10th International Conference on Geomorphology
© Author(s) 2022. This work is distributed under
the Creative Commons Attribution 4.0 License.


Sofia Bilbao1, Gonçalo Vieira1,2, Annett Bartsch3, and Aleksandra Efimova3
Sofia Bilbao et al.
  • 1University of Lisbon, IGOT, Portugal (sofia.b.fernandes@campus.ul.pt)
  • 2Centro de Estudos Geográficos e Laboratório Associado TERRA, Instituto de Geografia e Ordenamento do Território, Universidade de Lisboa, Portugal.
  • 3b.geos, Korneuburg, Austria.

Permafrost is a crucial element in the cryosphere and an essential climate variable (ECV) of the Global Climate Observation System (GCOS). The Arctic represents 34% of the global coastlines (Lantuit, 2012). In the context of the RCP 8.5 scenario for 2040-2060, the IPCC projects for the Arctic an average increase of the annual air temperature of 7 ºC compared to 1880-1920 (Guyet al., 2021). Hence, the Arctic is one of the most vulnerable regions to climate change in the world. The Arctic is undergoing rapid transformations (Nielsen et al., 2020). This tendency will grow with the increasing frequency and magnitude of coastal erosion events, as processes are enhanced by reduction of sea ice extent, subsiding and warming permafrost landscapes, along with increasing open water periods, storminess, air and sea surface temperatures, absolute and relative sea level rise, and warmer ocean (Irrgang et al., 2018).

The main focus of this study is to evaluate the applicability of Sentinel-2 multispectral data for the delineation of Arctic coastlines and subsequent calculation of shoreline change rates. Recently, several methods have been proposed and are being developed for the automatic delineation of shorelines. However, the nature of Arctic coasts, with high cloudiness, high variability in turbidity, sea-ice, snow banks, variable cliff heights and increased shading due to low solar altitude, poses significant challenges to automatic algorithms.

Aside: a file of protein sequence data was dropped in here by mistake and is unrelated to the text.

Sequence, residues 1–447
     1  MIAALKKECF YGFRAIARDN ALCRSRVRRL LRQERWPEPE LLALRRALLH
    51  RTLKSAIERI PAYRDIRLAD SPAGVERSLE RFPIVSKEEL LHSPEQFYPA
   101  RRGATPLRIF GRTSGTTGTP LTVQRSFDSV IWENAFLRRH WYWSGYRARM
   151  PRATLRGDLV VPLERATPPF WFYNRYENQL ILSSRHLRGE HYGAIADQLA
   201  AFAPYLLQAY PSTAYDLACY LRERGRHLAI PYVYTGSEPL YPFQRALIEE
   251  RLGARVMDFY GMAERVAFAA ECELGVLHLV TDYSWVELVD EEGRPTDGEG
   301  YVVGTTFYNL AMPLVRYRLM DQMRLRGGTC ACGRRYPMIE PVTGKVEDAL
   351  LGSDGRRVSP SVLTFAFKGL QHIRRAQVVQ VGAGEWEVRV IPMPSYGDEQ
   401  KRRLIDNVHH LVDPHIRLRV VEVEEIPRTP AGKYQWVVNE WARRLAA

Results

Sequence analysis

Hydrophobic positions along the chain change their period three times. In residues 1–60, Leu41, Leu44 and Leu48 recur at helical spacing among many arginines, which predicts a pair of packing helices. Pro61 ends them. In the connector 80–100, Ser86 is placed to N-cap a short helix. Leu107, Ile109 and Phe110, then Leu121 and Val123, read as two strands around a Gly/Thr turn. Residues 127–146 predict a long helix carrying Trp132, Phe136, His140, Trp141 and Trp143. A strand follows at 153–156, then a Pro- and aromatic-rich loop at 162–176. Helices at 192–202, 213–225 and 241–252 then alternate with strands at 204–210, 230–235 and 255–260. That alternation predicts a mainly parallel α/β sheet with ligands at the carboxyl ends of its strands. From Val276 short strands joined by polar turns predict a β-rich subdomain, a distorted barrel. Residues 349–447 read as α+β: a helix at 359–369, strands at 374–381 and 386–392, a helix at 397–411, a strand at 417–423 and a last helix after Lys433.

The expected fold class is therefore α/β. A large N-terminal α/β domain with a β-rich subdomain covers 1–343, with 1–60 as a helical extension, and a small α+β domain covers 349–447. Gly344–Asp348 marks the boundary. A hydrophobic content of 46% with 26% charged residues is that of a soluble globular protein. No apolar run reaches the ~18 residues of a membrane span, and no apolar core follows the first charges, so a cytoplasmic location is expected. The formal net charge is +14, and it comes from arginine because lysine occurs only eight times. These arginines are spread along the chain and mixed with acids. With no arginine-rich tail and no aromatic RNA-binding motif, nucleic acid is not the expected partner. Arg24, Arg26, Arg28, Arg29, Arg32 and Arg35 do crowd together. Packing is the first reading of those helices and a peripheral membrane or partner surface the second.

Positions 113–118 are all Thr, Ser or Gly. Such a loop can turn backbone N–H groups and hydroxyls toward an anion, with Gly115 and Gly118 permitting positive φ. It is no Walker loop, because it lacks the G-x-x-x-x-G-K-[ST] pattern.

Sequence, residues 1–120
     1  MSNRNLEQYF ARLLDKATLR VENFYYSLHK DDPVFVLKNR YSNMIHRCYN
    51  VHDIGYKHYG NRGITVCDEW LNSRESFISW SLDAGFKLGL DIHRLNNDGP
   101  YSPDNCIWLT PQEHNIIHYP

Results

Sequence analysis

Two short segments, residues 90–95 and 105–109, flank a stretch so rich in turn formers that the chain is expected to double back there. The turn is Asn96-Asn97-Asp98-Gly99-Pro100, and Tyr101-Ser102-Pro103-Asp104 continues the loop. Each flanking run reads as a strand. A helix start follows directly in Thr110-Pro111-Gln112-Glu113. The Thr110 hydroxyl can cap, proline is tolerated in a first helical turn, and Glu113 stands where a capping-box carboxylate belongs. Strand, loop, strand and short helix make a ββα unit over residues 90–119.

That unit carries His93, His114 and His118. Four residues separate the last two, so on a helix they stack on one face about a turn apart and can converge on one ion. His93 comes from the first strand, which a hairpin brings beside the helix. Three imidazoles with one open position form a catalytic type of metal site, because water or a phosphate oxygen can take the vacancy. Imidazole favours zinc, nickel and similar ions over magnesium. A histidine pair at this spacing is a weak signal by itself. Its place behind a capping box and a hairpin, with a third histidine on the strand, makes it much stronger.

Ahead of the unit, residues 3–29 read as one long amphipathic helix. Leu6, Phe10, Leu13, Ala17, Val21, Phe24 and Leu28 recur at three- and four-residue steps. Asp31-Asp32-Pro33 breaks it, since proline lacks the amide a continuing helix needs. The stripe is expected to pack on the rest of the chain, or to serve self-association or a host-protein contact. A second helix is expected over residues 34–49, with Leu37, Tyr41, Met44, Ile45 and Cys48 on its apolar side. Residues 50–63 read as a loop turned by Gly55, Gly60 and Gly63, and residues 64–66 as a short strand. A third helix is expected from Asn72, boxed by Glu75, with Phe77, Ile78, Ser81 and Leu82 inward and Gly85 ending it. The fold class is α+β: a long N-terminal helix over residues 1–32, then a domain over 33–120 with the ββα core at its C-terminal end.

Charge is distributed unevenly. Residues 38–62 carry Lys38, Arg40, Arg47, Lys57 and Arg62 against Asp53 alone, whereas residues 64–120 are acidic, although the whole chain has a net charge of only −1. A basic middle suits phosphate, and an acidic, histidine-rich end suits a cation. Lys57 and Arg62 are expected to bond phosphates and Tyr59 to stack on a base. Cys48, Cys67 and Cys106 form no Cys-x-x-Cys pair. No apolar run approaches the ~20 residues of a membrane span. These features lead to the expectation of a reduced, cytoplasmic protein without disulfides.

We compare the application of different automatic shoreline delineation algorithms with validation data based on the manual identification of the shorelines. The latter is done on the Sentinel-2 images and using very high-resolution Pleiades (CNES/Airbus) imagery. The study area is located on the Beaufort Sea coast stretching from the Alaska-Yukon border to Banks Island.

The manual and automatic shoreline delineation with Sentinel-2 imagery comprise two years: 2016 and 2020. Pleiades analysis was done for 2018, 2020 and 2021. The automatic methods that were tested are the WaterDetect (Cordeiro et al., 2021) and XGBoost (Chen et al., 2016) methods. The results from the performance assessment of the automatic methods and identification of the limiting factors and errors associated with sea and atmosphere conditions will be used to create recommendations for improving the development of automatic coastal classification algorithms for Arctic coasts.

This research is part of the Nunataryuk project. Funding under the European Union's Horizon 2020 Research and Innovation Program under grant agreement no. 773421 and from the Climate Change Preparedness in the North Program (Government of Canada). Further funding has been received through the European Space Agency Polar Science Cluster Program (project EO4PAC). Access to Pleiades imagery is promoted by the WMO Polar Space Task Group.

How to cite: Bilbao, S., Vieira, G., Bartsch, A., and Efimova, A.: ASSESSING THE USE OF SENTINEL-2 FOR EVALUATION OF ARCTIC COASTAL EROSION: Potential and Limitations (Beaufort Sea Coast, Canada), 10th International Conference on Geomorphology, Coimbra, Portugal, 12–16 Sep 2022, ICG2022-662, https://doi.org/10.5194/icg2022-662, 2022.